If you’re charged with driving under the influence, it’s something that can have a severe impact on every part of your life.
You may face jail time or hefty fines.
You may also struggle following a DUI charge and conviction to find car insurance.
A conviction for driving under the influence can mean your auto insurance premiums go up anywhere from 30% to 370% depending on your state and insurance company.
With that being said, every insurance company takes its own approach to DUI convictions and calculating subsequent premiums.
A DUI is a big one but is still just one of the factors used to determine risk by insurers, and every state does have what’s called a last-resort program so that drivers convicted of serious offenses like a DUI can get car insurance.
You can come back from one DUI, despite the serious consequences, but as a repeat offender, that might not be the case.
The following are key things to know about getting auto insurance after a DUI.
Do You Have to Tell Your Insurance Company?
First, do you have to tell your insurance company if you get a citation for driving under the influence or driving while intoxicated?
In most circumstances, it’s probably best to tell your insurance agent or carrier about your violation.
If you don’t disclose it, the insurance company will learn about it regardless. When it’s time for renewal, the insurance company will run a motor vehicle report. That means that yes if you don’t disclose it right away it might be some time before your insurance company finds out, and during that time your rate is locked in.
However, once that renewal time comes, you might face non-renewal meaning your insurance company will drop you, or your rates can go up.
If you’re proactive about letting your company know, they’ll be able to help you figure out what the standard procedure is.
Filing an SR-22 Form
Depending on the state where you live, you may have to show you have insurance to get your license reinstated, in which case you’ll have to complete what’s called an SR-22. The court, if you’re convicted of a DUI, will let you know if you need to file a form.
If you find an insurance company that advertises they’ll file it for you on your behalf, this can be a good indicator they offer insurance to people with DUIs.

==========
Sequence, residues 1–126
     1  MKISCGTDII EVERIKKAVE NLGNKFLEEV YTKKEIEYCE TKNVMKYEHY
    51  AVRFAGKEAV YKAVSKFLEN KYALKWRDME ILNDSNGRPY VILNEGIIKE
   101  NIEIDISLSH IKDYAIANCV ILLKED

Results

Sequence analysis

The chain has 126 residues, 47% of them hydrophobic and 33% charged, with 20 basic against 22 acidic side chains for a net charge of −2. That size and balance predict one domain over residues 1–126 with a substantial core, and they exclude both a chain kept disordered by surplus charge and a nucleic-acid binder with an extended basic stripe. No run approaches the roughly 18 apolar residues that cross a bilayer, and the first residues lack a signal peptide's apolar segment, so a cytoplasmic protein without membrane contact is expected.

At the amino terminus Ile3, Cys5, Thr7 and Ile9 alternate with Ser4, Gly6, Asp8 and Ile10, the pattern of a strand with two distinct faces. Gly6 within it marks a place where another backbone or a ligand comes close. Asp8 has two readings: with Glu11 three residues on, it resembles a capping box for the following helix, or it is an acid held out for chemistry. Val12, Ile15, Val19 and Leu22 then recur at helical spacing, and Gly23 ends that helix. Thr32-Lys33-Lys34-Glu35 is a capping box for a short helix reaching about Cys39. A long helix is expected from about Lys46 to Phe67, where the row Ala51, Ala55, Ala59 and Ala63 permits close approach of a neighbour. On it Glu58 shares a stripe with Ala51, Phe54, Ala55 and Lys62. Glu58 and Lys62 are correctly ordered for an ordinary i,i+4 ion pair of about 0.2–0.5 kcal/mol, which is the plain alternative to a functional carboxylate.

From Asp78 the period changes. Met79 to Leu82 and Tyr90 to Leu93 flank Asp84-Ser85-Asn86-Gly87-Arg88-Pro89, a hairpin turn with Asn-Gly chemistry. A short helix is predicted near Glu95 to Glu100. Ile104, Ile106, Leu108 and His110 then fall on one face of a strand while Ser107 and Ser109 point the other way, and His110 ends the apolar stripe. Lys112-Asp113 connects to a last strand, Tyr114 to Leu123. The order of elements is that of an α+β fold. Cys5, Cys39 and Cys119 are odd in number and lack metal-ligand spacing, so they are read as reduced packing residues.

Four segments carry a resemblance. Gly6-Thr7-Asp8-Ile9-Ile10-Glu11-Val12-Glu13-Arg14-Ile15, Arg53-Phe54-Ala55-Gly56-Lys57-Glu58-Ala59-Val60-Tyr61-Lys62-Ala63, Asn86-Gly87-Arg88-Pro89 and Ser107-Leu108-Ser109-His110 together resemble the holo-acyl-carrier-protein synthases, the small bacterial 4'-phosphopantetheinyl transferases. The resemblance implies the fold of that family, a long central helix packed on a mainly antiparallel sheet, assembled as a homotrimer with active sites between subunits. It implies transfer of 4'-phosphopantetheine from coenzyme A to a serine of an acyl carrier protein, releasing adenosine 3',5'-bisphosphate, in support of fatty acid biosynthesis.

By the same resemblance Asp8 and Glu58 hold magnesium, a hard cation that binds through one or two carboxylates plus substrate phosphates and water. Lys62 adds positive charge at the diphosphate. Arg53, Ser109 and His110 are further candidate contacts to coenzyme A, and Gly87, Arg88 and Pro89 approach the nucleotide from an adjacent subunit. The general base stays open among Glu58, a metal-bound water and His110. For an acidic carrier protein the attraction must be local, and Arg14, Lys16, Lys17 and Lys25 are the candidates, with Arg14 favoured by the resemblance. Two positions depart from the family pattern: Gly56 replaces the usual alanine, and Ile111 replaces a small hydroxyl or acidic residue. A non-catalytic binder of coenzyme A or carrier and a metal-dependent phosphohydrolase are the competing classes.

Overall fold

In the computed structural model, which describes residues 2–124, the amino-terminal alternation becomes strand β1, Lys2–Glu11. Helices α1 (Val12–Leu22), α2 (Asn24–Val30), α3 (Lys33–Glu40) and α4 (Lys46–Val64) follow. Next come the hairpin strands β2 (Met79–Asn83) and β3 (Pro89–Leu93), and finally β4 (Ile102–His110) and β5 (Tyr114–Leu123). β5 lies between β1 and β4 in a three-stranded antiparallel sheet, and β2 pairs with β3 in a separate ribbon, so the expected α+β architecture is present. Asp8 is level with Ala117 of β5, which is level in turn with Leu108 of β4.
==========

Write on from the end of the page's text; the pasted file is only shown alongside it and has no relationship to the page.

An SR-22 is a statement of financial responsibility.
What to Know About Getting Insurance
So now, what if you’re up for renewal after a DUI?
As was mentioned, there’s a chance that your insurance company can drop you. They can’t legally do that as soon as they learn about your DUI or DWI, but they can decline your renewal when your current policy expires.
You may end up being able to stay with your current company, but your rates will go up for at least three years. As long as your DUI is on file, in some states, your premium will remain very high.
It’s possible that your insurance could go up by more than 100% because you’ll be seen as a high-risk driver.
Sometimes after people get a DUI, they think there’s no reason to comparison shop on insurance because they believe they’ll have to pay the same high rates no matter what.
That’s not true. Yes, in general, you will pay more, but there tends to be a lot of variance in what insurance companies charge post-DUI.
Some companies won’t offer insurance at all to people with DUIs, while others will be relatively low in what they charge. For example, research has shown that companies like State Farm and Progressive tend to be competitively low in what they charge for insurance after someone gets a DUI, but this can depend on the state where you live.
Shop around and get quotes from as many companies as you can.
You should also remember that you may still have discounts available to you even once you get the rates. Just because you have a DUI, it doesn’t mean that you’re automatically counted out of the discounts companies offer for other things, like being active-duty U.S. military or for bundling home and auto insurance policies.
From there, once you do find insurance, be careful and remain a safe driver with a clean record over the years, and gradually you’ll find that what you pay in insurance will go down.